Hummel To Market (Hum 49/0)
Used Mint Condition No Box
This figurines depicts a boy and girl, most likely siblings who are setting off for a day at the market. What will they purchase? Will they fill their basket? Looking off to the left, something has caught their eye, could it something for mother? First designed by master sculptor Arthur Moeller in 1936, it was known as "Brother and Sister."
Hum 49/0; Height: 5.50"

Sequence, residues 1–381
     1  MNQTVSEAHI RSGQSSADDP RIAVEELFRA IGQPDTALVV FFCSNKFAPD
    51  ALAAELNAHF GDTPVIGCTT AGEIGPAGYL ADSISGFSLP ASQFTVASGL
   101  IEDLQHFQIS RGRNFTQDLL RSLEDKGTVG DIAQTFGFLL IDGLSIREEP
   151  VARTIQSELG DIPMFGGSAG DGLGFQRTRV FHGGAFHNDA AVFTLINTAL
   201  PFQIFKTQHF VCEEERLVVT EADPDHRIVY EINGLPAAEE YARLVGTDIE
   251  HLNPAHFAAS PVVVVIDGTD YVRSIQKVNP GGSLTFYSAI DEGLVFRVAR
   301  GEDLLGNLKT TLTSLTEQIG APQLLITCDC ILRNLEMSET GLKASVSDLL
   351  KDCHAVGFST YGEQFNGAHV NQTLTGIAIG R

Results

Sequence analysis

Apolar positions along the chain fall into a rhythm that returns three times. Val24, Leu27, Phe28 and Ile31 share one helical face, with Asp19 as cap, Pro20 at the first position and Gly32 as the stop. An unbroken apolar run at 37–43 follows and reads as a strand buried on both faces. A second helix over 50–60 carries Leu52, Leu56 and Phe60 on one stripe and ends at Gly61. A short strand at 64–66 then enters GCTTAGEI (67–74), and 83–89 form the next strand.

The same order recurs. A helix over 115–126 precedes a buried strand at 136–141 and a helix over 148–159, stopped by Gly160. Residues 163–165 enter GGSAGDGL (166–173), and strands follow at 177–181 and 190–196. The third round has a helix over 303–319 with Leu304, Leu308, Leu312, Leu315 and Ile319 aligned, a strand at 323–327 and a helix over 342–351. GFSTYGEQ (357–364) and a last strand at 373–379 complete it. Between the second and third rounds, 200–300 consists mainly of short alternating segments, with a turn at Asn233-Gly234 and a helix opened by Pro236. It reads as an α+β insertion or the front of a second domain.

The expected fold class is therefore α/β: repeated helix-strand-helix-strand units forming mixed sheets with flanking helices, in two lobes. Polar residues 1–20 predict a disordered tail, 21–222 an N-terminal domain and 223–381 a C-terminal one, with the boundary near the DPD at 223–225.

The sketch art of Sister Maria Innocentia Hummel began to appear in the 1930s in Germany and Switzerland, mostly pastoral drawings of children. The German art publisher Ars Sacra was involved in the early popularization of the art on postcards. Hummel's "art cards" became popular throughout Germany catching the eye of Franz Goebel, porcelain maker and head of W. Goebel Porzellanfabrik. Goebel acquired rights to turn Hummel's drawing into figurines, producing the first line in 1935. The figurines were introduced at the Leipzig Trade Fair, a major European show for the industry. Goebel was known for presenting new and novel products that attracted American distributors. By the end of the year, 46 M.I. Hummel motifs were on the market. After the end of World War II, the popularity of Hummel figurines grew as American soldiers stationed in West Germany began sending the figurines home as gifts. Nostalgia associated with the figurines and the U.S. soldiers buying them led to Hummel figurines becoming a popular collector's item. As travel to Europe became more commonplace, the figurines, with their folkloric appearance, were often purchased as souvenirs. A vibrant speculator market in Hummel figurines developed in the 1970s, and Hummel figurines skyrocketed in price.